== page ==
Bebinca: Goan Layered Coconut Cake

By • May 20, 2013 30 Comments

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Author Notes: Let me begin by first asking for your help in getting through the gigantic stash of bebinca I have in my fridge right now. It really is absolutely insane. Over the past few days I have tested and tweaked this bebinca recipe no less than five times, trying to inject as much coconut flavor into this dessert as I possibly can. Now I have a fridge overflowing with bebinca, displayed in a baking dish, in a brownie pan, in four ramekins and a spring-form pan. Someone send help, please?! (On the positive side though, my house smells amazing!)

It all started when I saw Atul Kochhar make bebinca on TV ( Unfortunately, he didn’t provide a complete recipe. However, the dish looked so good, and each bite seemed so scrumptious, I knew I had to try replicating it. And thus began four days of tussling with a recipe where I played with the ratio of flour, coconut milk, sugar, and eggs until I got the texture and flavor that I loved! Trying to make the batter too pancake-y (as talked about on the show) ended up in a dense cake, so I veered towards a lighter, more crepe-like batter. This batter worked far better and yielded layers that were delicate yet full of flavor. I added the lime zest and juice to cut through some of the sweetness and also added some cardamom powder, which pairs so well with coconut.

Don’t let the seven individual layers stop you from making this dessert. You are going to love it! :)

Food52 Review: This took a couple of flopped layers to get the hang of making it, so by the 7th one, I had the technique perfected. The flavor was quite spectacular and the coconut and cardamom went together quite spectacularly. The cream never thickened up, but I'm not sure how it could with all the coconut cream in it. It was more like a thickened sauce than a cream -- fine with me! I'd make it again, however I'd consider trying to make them more like crepes next time. The recipe went together well, and there didn't seem to be any glitches in the recipe. Victoria


Serves 10 to 12

  • 2 13.5-ounce cans of full-fat coconut milk (I like Chaokoh brand)
  • 3 cups granulated sugar
  • 12 extra-large egg yolks
  • 1 cup coconut flour
  • 1 cup all-purpose flour
  • 1 tablespoon cardamom powder, preferably freshly ground
  • 2 teaspoons kosher salt
  • Finely grated zest and juice of 1 lime
  • 1 cup melted coconut oil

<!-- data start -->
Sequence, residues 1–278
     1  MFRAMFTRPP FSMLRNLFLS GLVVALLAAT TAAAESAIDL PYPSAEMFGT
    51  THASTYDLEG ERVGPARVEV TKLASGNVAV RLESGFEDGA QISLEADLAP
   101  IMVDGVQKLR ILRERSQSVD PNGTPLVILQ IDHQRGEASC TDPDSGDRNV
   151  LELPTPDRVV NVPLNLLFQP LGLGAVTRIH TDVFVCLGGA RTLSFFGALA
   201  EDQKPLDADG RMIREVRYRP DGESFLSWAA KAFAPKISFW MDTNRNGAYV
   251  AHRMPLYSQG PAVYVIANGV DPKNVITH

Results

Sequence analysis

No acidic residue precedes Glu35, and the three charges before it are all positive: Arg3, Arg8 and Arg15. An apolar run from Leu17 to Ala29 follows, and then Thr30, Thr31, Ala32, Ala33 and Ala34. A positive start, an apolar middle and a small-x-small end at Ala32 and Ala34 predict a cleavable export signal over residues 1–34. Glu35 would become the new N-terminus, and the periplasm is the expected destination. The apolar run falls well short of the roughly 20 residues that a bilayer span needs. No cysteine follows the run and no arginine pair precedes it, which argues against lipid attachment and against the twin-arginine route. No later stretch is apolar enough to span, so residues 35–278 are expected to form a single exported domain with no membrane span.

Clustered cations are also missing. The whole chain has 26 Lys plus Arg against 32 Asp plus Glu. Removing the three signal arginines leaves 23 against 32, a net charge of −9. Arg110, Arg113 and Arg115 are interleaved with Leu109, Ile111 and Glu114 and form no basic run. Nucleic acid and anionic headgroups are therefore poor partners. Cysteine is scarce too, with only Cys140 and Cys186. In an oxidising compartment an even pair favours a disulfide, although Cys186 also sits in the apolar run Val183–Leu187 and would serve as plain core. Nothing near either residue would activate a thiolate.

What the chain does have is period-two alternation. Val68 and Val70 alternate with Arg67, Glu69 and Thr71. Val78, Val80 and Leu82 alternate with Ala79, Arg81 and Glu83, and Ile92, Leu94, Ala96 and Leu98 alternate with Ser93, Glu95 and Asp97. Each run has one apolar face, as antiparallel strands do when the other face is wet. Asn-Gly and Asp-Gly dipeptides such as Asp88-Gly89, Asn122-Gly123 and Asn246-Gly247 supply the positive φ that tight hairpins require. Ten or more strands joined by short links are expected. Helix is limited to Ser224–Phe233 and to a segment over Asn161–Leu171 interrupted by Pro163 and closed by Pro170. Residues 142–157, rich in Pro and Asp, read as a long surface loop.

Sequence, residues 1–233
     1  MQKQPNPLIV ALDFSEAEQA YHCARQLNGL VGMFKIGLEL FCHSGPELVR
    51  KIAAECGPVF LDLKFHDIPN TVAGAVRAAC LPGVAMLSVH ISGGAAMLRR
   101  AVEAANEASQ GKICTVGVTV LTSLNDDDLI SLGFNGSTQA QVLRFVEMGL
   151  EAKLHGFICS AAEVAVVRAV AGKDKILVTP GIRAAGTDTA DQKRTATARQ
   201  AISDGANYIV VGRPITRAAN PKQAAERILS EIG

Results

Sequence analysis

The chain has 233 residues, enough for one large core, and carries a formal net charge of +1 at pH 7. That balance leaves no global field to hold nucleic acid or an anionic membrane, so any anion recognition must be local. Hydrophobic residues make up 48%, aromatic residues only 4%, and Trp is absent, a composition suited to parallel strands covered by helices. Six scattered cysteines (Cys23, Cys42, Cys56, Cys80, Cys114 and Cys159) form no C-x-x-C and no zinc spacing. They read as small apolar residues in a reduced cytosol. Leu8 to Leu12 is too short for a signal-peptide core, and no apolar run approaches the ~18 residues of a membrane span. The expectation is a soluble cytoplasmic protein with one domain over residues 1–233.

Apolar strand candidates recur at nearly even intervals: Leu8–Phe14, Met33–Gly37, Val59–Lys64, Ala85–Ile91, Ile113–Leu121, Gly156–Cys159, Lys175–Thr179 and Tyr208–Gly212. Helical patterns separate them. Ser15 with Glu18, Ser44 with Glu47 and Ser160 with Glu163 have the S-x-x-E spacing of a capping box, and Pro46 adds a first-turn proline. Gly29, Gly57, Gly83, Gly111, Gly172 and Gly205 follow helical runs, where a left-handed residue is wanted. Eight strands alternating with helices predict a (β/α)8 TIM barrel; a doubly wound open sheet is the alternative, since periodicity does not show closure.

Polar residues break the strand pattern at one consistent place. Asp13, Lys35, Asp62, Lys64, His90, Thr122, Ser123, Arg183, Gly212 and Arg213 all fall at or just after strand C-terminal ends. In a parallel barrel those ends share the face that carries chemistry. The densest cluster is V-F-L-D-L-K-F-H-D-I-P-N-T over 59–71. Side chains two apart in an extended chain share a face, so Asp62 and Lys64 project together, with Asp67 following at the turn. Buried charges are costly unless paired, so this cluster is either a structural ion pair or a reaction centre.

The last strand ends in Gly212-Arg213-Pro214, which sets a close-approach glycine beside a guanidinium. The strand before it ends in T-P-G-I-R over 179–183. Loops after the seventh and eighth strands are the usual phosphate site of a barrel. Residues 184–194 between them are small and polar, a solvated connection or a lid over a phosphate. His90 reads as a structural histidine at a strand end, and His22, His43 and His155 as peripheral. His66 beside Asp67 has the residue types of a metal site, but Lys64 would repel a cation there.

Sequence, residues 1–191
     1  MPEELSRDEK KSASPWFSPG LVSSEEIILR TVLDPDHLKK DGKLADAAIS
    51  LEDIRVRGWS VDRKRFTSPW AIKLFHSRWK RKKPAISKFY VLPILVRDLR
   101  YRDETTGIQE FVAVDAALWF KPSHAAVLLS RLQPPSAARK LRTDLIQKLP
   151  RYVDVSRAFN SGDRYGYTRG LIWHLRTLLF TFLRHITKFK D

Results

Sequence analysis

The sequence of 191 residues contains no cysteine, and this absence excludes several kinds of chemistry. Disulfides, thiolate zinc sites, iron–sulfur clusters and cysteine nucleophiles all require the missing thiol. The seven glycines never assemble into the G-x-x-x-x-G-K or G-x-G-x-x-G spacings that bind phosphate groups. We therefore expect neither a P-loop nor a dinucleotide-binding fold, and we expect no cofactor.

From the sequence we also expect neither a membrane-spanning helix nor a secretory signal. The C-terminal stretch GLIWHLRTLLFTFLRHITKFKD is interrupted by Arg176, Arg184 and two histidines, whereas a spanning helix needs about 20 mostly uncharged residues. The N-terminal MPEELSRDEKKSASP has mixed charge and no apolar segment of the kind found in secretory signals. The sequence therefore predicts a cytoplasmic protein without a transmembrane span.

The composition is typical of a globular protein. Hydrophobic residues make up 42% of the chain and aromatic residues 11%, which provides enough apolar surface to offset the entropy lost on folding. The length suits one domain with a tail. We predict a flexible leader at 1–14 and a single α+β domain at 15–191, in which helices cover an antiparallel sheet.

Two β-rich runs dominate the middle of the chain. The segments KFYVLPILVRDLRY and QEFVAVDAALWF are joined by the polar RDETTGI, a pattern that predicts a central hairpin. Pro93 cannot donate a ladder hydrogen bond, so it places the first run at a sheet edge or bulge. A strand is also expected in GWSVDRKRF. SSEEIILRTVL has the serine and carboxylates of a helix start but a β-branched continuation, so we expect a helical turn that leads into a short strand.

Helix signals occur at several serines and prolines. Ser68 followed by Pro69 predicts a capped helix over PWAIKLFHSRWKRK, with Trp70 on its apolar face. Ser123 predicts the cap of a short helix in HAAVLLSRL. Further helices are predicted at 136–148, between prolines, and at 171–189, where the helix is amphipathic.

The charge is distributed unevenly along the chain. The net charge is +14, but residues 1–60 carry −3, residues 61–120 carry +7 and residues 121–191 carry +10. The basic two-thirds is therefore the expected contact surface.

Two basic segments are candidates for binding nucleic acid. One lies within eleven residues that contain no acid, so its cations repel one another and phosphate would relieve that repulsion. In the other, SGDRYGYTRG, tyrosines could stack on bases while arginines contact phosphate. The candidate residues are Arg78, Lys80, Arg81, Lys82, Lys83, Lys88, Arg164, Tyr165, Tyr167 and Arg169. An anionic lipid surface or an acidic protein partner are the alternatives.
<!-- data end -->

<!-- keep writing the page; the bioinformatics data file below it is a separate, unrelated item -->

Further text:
• 1 cup coconut cream, chilled in the fridge overnight
  • 1 cup heavy cream
  • 1 teaspoon vanilla
  • 1/4 cup powdered sugar
  1. In a large, heatproof bowl, mix the coconut milk and sugar. Microwave for about 3 minutes, until the sugar is completely dissolved.
  2. In the bowl of a stand mixer, using the paddle attachment, mix the egg yolks on medium speed for 2 minutes. With the motor running on low speed, slowly add the warm coconut milk and sugar mixture. Add the coconut flour, all-purpose flour, cardamom powder, salt, and lime zest and mix on low speed for a further couple of minutes, until no lumps remain. Check to make sure that the mixture has cooled enough and then add the lime juice and give it a good mix one last time. Pour it into a large bowl and chill in the fridge for 15 to 20 minutes.
  3. While the batter is chilling, prep your 9" springform pan. Thoroughly grease the pan with coconut oil, put a circular piece of parchment paper in the bottom, and grease that too. Tear off a long piece of aluminum foil, fold it over so that it is about 4 " wide and wrap it around the base of the springform fan to prevent any leakage (just like you would when baking a cheesecake in a water bath). Place the prepared pan on a baking sheet.
  4. Place a rack in the middle of the oven. Turn the oven on to broil. Let it get good and hot for a couple of minutes. Take the batter out of the fridge. Put the baking sheet with the empty prepared springform pan in the oven for 30 seconds, to get it pretty hot. We want the bottom layer to start cooking right away; otherwise, it has a tendency to stick and fall apart.
  5. Take the baking sheet out of the oven, drizzle a bit of coconut oil on the parchment paper, and add one cup of the batter. Put it back in the middle of the oven and broil for 5 to 8 minutes. We want the top of the layer to get evenly browned, not just a freckle here and there! (see picture) If the top doesn't get evenly browned, you will not get the brown striations when you slice the cake (see picture).
  6. Once the top looks evenly browned, take it out of the oven, drizzle another 2 tablespoon of coconut oil evenly over the surface, stir the batter to get rid of any settling at the bottom, and add another cup of it. Then it goes back into the oven until it is browned all over. Repeat with the rest of the batter. Do not worry if the layers start to dome slightly; it'll flatten out when you add the oil and batter on top of it. This recipe will yield a seven layer cake. Do take note that when the broiler is on the "off" cycle, it'll take a while longer to brown on the top, but be patient and you'll be rewarded!
  7. Once all the seven layers have been baked off, let the cake cool in the pan on the counter for at least an hour. While the cake is cooling, make the coconut whipped cream. In the bowl of a stand mixer, with the whisk attachment, add the coconut cream, heavy cream, vanilla, and powdered sugar. Whisk on high speed for a couple of minutes until (very) soft peaks form. Put it back in the fridge so that it can firm up a bit. Chill the whipped coconut cream in the fridge until you are ready to serve.
  8. Once the cake is cooled (it'll pull slightly away from the sides), run a plastic knife around the edges, release it from the spring form pan, and serve immediately with the chilled coconut whipping cream. Enjoy!

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